WIPO Arbitration and Mediation Center
ADMINISTRATIVE PANEL DECISION
EFG Bank European Financial Group SA v. Khanh Nguyen
Case No. D2012-0039
1. The Parties
The Complainant is EFG Bank European Financial Group SA of Geneva, Switzerland represented by BCCC Attorneys-at-law, Switzerland.
The Respondent is Khanh Nguyen of Norcross, Georgia, United States of America (“U.S.”).
2. The Domain Names and Registrar
The disputed domain names <bank.eurfgl.com> and <eurfgl.com> are registered with GoDaddy.com, LLC (the “Registrar”).
3. Procedural History
The Complaint was filed with the WIPO Arbitration and Mediation Center (the “Center”) on January 12, 2012. On January 12, 2012, the Center transmitted by email to the Registrar a request for registrar verification in connection with the disputed domain names. On January 12, 2012, the Registrar transmitted by email to the Center its verification response confirming that the Respondent is listed as the registrant and providing the contact details.
The Center verified that the Complaint satisfied the formal requirements of the Uniform Domain Name Dispute Resolution Policy (the “Policy” or “UDRP”), the Rules for Uniform Domain Name Dispute Resolution Policy (the “Rules”), and the WIPO Supplemental Rules for Uniform Domain Name Dispute Resolution Policy (the “Supplemental Rules”).
In accordance with the Rules, paragraphs 2(a) and 4(a), the Center formally notified the Respondent of the Complaint, and the proceedings commenced on January 17, 2012. In accordance with the Rules, paragraph 5(a), the due date for Response was February 6, 2012. The Respondent did not submit any response. Accordingly, the Center notified the Respondent’s default on February 7, 2012.
The Center appointed James A. Barker as the sole panelist in this matter on February 13, 2012. The Panel finds that it was properly constituted. The Panel has submitted the Statement of Acceptance and Declaration of Impartiality and Independence, as required by the Center to ensure compliance with the Rules, paragraph 7.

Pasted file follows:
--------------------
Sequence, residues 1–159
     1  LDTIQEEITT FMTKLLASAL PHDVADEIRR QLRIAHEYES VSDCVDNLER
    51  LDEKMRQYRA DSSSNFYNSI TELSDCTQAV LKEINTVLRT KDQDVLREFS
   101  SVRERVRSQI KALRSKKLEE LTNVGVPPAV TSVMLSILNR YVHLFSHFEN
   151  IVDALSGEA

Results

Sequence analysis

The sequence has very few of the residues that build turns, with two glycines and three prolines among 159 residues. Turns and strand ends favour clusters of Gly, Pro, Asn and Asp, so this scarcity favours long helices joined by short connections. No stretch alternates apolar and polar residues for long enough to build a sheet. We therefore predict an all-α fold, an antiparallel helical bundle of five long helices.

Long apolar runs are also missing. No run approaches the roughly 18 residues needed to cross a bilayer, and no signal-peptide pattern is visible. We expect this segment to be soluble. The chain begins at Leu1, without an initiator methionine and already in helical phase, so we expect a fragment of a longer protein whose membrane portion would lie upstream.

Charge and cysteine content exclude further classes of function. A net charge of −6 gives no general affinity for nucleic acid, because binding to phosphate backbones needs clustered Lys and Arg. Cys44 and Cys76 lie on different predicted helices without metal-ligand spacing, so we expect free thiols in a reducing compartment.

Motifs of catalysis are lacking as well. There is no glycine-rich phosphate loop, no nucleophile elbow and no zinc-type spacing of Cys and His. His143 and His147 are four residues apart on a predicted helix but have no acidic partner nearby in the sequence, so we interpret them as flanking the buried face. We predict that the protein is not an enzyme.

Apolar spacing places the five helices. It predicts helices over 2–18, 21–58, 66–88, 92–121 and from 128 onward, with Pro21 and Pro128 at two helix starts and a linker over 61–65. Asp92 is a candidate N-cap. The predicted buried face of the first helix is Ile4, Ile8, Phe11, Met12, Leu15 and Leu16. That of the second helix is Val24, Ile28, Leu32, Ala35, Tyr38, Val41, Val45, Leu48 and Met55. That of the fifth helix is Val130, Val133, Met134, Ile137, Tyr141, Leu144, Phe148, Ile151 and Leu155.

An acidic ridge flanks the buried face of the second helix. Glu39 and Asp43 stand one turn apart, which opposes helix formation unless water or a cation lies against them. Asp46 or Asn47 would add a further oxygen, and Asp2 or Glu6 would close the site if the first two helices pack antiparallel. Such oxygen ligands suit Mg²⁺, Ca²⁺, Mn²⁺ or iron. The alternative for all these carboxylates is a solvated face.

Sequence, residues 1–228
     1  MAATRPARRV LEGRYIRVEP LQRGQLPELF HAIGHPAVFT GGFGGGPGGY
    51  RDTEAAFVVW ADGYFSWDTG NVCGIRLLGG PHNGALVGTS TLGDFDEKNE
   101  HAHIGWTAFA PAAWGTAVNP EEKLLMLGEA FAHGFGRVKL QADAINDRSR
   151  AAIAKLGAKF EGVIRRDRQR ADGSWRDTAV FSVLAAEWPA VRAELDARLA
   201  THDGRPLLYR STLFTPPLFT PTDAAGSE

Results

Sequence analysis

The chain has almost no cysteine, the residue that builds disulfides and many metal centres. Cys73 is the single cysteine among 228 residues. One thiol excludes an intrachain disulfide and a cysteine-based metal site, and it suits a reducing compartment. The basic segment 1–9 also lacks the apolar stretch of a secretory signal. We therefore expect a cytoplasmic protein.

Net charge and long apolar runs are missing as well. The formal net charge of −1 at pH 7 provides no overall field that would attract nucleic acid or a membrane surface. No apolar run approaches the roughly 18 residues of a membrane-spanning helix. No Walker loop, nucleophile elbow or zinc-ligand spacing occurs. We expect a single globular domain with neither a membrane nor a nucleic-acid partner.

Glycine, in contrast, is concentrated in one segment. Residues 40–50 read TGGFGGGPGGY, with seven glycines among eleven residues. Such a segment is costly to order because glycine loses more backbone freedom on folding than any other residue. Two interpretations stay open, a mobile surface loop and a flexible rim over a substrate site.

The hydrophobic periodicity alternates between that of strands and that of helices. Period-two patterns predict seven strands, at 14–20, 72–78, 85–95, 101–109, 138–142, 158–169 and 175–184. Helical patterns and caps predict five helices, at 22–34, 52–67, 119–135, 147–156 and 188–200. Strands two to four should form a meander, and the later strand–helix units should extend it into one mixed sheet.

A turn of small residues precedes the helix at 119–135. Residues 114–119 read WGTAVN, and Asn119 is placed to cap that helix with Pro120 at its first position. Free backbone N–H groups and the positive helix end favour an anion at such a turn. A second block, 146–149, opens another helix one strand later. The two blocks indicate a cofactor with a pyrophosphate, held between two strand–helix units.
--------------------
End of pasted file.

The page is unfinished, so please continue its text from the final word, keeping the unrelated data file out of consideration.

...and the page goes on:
4. Factual Background
The Complainant is a wholly owned subsidiary of European Financial Group EFG (Luxembourg) SA, the operating parent company of the EFG Group, an international banking group. The Complainant is the parent company of EFG International, a global private banking and asset management group headquartered in Zurich. The EFG International Group has an international presence all over the world, including in the U.S. where the Respondent has his address. It has some 2,500 employees in 30 countries. The majority of the entities in the group have chosen as their corporate name the acronym “EFG” followed by some descriptive terms, including in particular the word “bank”.
The Complainant is the owner of numerous trademarks containing, either as a sole element or in combination with others, in either word or logo form, the element “EFG”. In the U.S., its registered marks include EFG (registered in 2002), EFG GROUP (registered in 2005), and EFG INTERNATIONAL (registered in 2009). The Complainant did not provide direct evidence of its registration of these marks in the Complaint, but provided a list of the marks with relevant registration details, including the registration number.
The Complainant’s subsidiaries conduct their activities online under different domain names, including <efgl.com> that was registered in May 2000.
The Complainant provides evidence that the disputed domain name <eurfgl.com> leads to a file index (it does not revert to an active website). However the Complainant also provides evidence that the disputed domain name <bank.eurfgl.com> is a reproduction of the official website of one of the Complainant’s subsidiaries. That website contains the prominent statement “Welcome to EFG International”. In all respects, that website superficially appears to be an official website relating to an entity associated with the Complainant.
The disputed domain name <eurfgl.com> was registered on September 11, 2011. The disputed domain name <bank.eurfgl.com> was registered on September 6, 2011. The Complainant notes its belief that the latter domain name is technically dependent on the former domain name (that is, that the former domain name cannot be cancelled or transferred separately from the latter).